Is fast fashion over? It seems that consumers are beginning to turn their backs on brands that trash the planet and exploit workers. Several of the worst offenders from an environmental and social perspective — ‘ultra-fast’ fashion brands that operate exclusively online — are struggling with declining sales. Some have gone bankrupt. Intuitively this seems allied to consumers’ growing awareness of climate change and social causes: McKinsey report that young people especially have begun to avoid brands that don’t align with their values. Even so, it may be too soon to celebrate the demise of fast fashion: the cost-of-living crisis may even help to revive the sector.
Times are changing
One sign that things are changing is that the mega TV show Love Island has mugged off fast fashion. Until this year the programme has been intimately associated with fast fashion sponsors including I Saw it First and Missguided. One contestant, Mollie Mae Hague, went on to become Creative Director of PrettyLittleThing, a brand accused of modern slavery and showing little regard for sustainability. Something these former sponsors of Love Island share in common is that all are notorious for producing the ultimate in disposable fashion — looks designed to be worn a handful of times before being discarded. No surprise then that inhabitants of the Love Island villa were so rarely seen in the same clothes more than once. Viewers were encouraged to copy contestants’ looks by buying equally disposable clothes on the Love Island app. Fast fashion and Love Island seemed well and truly coupled up.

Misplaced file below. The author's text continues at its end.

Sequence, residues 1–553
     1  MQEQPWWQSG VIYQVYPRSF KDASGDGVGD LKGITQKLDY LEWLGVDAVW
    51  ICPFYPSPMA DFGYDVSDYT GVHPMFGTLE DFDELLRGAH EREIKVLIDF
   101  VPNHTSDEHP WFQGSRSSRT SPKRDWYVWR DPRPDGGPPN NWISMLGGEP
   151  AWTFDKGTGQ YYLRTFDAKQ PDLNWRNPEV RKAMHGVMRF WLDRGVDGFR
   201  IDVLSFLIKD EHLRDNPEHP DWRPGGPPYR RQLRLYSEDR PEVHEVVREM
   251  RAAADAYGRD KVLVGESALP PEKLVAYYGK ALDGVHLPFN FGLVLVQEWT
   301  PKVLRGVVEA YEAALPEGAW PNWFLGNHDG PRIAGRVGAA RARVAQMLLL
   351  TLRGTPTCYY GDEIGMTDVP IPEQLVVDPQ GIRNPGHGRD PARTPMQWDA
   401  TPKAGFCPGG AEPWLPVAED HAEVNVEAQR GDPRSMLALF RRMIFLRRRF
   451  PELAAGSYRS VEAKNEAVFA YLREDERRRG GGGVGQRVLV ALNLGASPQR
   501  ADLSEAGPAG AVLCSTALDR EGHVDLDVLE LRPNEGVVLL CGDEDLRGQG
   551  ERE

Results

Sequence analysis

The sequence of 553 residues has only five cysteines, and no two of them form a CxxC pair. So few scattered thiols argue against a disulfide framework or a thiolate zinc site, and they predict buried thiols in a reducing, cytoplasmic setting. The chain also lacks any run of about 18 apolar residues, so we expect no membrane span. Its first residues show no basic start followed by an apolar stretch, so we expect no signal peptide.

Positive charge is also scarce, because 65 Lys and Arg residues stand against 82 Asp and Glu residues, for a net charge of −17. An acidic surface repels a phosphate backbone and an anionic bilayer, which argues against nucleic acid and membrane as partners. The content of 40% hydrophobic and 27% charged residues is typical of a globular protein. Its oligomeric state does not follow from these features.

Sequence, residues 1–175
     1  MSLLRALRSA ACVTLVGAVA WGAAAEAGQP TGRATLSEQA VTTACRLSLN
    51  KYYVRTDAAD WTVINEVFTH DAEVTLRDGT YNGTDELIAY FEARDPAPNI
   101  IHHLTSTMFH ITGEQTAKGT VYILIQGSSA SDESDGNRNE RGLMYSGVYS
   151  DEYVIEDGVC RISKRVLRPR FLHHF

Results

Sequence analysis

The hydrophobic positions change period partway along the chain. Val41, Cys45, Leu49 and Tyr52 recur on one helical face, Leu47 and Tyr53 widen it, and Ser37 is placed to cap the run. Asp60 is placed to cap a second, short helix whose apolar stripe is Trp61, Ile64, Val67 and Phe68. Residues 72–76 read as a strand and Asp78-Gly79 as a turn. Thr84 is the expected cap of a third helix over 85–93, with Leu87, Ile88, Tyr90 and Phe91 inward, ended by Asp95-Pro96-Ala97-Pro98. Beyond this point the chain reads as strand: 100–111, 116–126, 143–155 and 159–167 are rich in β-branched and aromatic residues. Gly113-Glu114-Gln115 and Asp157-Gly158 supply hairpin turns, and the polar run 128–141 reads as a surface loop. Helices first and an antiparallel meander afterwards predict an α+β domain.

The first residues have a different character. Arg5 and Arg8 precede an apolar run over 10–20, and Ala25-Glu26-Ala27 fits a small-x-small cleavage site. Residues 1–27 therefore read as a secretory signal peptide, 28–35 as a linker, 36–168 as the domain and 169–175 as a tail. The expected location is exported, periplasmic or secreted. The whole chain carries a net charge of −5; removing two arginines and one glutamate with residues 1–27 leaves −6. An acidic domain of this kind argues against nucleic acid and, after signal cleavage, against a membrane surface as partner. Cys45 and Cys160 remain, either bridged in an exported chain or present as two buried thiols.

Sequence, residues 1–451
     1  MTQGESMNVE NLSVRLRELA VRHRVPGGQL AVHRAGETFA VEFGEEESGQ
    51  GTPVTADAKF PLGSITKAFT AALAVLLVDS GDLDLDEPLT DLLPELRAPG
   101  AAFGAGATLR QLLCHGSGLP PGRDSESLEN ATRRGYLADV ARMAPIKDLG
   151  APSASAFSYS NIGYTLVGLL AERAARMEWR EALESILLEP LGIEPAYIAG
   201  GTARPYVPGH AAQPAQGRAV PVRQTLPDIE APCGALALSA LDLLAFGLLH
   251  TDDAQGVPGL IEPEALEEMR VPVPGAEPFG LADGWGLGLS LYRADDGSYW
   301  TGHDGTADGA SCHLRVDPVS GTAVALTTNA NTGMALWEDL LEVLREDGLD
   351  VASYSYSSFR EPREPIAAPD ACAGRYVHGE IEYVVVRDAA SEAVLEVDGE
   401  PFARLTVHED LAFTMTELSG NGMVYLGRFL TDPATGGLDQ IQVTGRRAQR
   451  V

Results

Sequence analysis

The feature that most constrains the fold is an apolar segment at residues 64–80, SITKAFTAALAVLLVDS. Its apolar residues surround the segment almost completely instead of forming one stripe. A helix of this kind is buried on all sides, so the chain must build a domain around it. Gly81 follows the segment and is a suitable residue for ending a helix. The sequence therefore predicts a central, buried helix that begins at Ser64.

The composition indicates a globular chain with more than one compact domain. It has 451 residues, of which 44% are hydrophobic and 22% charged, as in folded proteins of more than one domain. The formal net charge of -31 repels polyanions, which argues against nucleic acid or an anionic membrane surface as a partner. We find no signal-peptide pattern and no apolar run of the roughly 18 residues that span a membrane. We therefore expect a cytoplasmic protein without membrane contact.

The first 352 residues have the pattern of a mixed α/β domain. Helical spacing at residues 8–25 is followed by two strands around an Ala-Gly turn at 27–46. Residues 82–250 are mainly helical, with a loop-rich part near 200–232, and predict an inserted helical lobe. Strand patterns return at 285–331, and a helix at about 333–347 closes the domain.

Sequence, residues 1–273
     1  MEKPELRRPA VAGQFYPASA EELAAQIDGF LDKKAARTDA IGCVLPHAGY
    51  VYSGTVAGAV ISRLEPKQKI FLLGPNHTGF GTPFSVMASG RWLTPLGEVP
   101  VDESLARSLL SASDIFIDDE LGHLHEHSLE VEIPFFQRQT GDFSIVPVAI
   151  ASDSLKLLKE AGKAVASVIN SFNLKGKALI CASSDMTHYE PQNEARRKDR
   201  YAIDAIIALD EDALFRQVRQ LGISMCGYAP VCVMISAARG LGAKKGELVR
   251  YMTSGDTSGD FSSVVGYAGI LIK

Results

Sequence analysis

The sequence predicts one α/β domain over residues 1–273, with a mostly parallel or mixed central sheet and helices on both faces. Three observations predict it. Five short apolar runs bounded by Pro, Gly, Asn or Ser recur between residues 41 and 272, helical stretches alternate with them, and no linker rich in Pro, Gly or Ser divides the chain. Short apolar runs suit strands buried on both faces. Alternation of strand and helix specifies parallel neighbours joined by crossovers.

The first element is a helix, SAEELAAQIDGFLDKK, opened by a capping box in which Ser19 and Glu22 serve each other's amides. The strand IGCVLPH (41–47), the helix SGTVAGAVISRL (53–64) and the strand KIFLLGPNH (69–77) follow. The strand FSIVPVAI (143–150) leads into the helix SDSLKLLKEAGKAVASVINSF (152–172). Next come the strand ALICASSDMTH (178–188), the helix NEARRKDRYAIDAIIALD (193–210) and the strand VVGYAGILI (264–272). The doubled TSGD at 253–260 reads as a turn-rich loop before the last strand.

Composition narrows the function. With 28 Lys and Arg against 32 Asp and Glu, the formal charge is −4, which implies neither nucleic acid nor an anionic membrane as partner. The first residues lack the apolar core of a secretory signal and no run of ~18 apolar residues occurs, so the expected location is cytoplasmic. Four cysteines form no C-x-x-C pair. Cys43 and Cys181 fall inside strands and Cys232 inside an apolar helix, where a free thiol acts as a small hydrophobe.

In 2022’s summer of love, something is very different. This year, Islanders are pulling each other for a chat and getting the ick wearing preloved clothing. The show has partnered with eBay to source secondhand style. Love Island fans can shop a selection of pre-owned clothes and accessories inspired by the Islanders . This is a U-turn, given that the model and sustainable fashion editor Brett Staniland’s comments about sustainable fashion were edited out of last year’s series for fear of alienating sponsors.
A TV show changing its sponsor might not sound a big deal, but Love Island is not just a show: it’s a cultural phenomenon. The change from fast to preloved fashion is significant.
What else signals the end of fast fashion?
A survey conducted in early 2022 reported that more than half of people plan to give up fast fashion this year. Meanwhile, Google analytics shows that not only have searches for sustainable fashion doubled, when brands talk credibly about sustainability there is a positive impact on perceptions of their quality and innovativeness — both attributes known to drive purchasing. Vogue Business’s own survey of buying behaviour shows that fashion consumers are increasingly prioritising sustainability when selecting clothes.